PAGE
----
By Michael Goldstein
By Dennis Romero
By Sarah Fenske
By Matthew Mullins
By Patrick Range McDonald
By LA Weekly
By Dennis Romero
By Simone Wilson
Brymer himself, in halting fashion, acknowledges that something about his mind has changed. "I had a really strange thing happen to my head," he says during one of several interviews from the county jail. "I felt like I sustained an injury, and nothing had happened. The best way to describe it is I had a problem in communicating and comprehending things."
He has no illusions about how far he has fallen. "Obviously, there's a tag that goes along with having a shopping cart and pushing it down the street with recycling. I had a hundred thousand dollars three years ago," he says. "I never thought it would happen. A lot of time I just walk around thinking to myself, 'This blows.' "
Early this year, Brymer traveled to San Francisco. He was hoping for a new start, but found himself living and sleeping on the streets again. It didn't take long for things to go from bad to worse.
Late in the afternoon on July 19, Brymer, who had begun spending his nights along the empty shores of San Francisco Bay, made his way to a soup kitchen for an early dinner. Here's how he recalls what happened that day: While waiting in line for food, he was accosted by another of the facility's patrons, who began cursing at him. The two left the kitchen at roughly the same time. Once outside, the man began talking to a friend, who was 6 feet 11 and 310 pounds — even bigger than Brymer. The friend approached Brymer as he stood on San Francisco's Muni T-line platform and pulled out a 6-inch blade. "I'm crazy. I'm gonna kill you," Brymer recalls him saying. "Don't fuck with me." Brymer tackled the man to the ground in order, as he puts it, to restrain him. Within seconds, a Muni train arrived. Figuring he was safe, Brymer stood up and walked away.
The next day, he again saw the big man he had tussled with — this time at a different Muni platform. Brymer kept his distance, waiting behind when the guy stepped onto a T-train that carried him away. As Brymer stood listlessly on the platform holding his shopping bag, he was approached by a half-dozen police officers, who cuffed him and led him away, bewildered.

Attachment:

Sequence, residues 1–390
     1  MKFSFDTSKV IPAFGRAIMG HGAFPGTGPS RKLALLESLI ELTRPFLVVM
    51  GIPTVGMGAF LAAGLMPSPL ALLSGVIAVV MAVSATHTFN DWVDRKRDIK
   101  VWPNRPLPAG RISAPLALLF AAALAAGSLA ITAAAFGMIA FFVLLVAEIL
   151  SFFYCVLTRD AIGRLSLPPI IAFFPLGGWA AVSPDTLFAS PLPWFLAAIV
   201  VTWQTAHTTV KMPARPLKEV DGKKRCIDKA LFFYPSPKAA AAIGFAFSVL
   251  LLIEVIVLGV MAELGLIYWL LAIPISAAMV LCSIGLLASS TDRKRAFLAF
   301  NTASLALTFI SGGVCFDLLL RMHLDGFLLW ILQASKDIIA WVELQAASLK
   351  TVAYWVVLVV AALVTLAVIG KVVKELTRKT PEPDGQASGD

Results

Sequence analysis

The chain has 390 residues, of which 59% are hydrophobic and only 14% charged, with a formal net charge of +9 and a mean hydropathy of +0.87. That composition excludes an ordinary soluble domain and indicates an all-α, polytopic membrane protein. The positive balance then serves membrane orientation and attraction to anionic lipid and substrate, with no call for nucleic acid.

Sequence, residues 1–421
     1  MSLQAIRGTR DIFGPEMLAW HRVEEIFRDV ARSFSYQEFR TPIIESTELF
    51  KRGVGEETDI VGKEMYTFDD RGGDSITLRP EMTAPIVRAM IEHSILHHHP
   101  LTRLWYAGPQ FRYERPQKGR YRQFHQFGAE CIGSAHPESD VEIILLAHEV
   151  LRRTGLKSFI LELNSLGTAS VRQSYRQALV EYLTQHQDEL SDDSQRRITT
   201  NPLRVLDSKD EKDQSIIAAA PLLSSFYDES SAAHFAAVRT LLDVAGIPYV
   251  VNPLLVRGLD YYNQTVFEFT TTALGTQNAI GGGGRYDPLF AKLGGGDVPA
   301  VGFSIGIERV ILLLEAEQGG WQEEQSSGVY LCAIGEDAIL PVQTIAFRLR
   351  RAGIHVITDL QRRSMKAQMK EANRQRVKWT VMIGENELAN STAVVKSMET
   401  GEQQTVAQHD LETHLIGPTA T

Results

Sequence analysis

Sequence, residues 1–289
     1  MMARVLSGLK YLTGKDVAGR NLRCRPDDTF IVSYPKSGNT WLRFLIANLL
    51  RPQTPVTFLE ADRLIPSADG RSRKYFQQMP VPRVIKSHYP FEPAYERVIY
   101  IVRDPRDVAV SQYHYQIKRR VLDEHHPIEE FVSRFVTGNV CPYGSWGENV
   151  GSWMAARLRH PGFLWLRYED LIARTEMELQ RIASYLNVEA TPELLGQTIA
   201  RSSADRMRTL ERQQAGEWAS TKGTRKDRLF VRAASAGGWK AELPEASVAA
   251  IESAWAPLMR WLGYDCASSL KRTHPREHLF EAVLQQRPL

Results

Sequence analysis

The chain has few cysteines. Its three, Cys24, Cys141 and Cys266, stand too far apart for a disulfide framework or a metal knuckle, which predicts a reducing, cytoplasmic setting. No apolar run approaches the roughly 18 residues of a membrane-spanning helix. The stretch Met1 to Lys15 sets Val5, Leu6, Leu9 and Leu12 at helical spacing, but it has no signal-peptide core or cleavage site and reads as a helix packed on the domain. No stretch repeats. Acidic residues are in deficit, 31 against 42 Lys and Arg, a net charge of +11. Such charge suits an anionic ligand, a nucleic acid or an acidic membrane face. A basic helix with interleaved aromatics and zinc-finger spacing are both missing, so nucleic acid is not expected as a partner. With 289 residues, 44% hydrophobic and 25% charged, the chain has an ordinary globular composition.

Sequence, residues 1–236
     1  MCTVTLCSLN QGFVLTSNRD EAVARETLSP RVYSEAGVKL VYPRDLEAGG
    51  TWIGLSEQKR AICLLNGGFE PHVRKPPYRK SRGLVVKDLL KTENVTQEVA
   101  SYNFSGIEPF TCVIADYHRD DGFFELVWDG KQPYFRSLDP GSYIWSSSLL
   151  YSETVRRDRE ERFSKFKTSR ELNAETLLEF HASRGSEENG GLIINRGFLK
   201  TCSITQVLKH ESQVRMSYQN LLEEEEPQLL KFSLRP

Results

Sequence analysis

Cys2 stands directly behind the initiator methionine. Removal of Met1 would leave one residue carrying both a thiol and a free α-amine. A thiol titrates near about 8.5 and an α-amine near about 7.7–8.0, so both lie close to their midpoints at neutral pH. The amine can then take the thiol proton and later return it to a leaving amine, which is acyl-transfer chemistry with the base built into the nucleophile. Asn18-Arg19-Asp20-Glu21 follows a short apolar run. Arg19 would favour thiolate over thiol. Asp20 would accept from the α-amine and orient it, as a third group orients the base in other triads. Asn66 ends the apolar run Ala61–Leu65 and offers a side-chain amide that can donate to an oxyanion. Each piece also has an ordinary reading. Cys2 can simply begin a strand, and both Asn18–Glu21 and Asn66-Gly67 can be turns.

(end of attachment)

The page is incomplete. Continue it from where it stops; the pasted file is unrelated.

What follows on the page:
The other men involved in the altercation, Henry Therkield and Shaun Parker, have a different story. It was Therkield who first interacted with Brymer in the soup kitchen. He would later tell police officers that while getting his food, he was approached by a "crazy" man — Brymer — who gazed directly at him and said, "Someone is gonna die." Concerned that he was being threatened, Therkield left the kitchen and encountered Parker, his friend, outside.
During a hearing in San Francisco Superior Court on August 4 and 5, Parker testified that while he was sitting with Therkield on the Muni station platform, Brymer approached, complaining that Therkield had "cussed at him" inside the soup kitchen. When Brymer didn't go away, Parker stood up and confronted him. "I got nothing to do with that," Parker said. "Just back off." He admitted in his testimony that he was brandishing a knife. Brymer then reached into a trash can, pulled out some form of "smooth" object — Parker couldn't say what it was — and began beating Parker over the head, saying, "Die, nigger, die." A Muni train pulled up, filled with people, who began screaming at Brymer to leave Parker alone. Brymer fled the scene.
A day later, according to Parker, he saw Brymer again. He left the Muni platform and crossed the street to avoid a confrontation, but Brymer followed him and started pummeling him on the sidewalk in front of the Panera café, at the corner of Fourth and King streets. When a train approached, Parker hurried back to the station and caught it, with Brymer in pursuit. Once onboard, Parker called the police.
Both accounts of the incidents have weak spots. It's not clear, for instance, why Brymer attacked a man holding a knife to subdue him, rather than simply walk away. Parker's story is also problematic. Muni surveillance cameras show that the two men were at the same stop on July 20, but depict only Parker slowly boarding a train — not running or being pursued — while Brymer walks down the platform cagily.
Brymer denies using a racial slur on either of the days he encountered Parker, and says he didn't interact with him at all when they saw each other the day after the initial fight. His attorney, deputy public defender Nicole Solis, says the allegation of a threat using the word "nigger" was concocted to "capture the D.A.'s imagination." Says Solis, "I have represented all kinds of people — Aryan Brotherhood, neo-Nazi, all kinds — and Chris is not a person I think would ever use this word."
Parker's own criminal background raises questions about his credibility. He admitted under cross-examination during the pretrial hearing that he had multiple felony and misdemeanor convictions — including assault on a police officer, auto theft and domestic violence — and that he was under a stay-away order from his former residential hotel.
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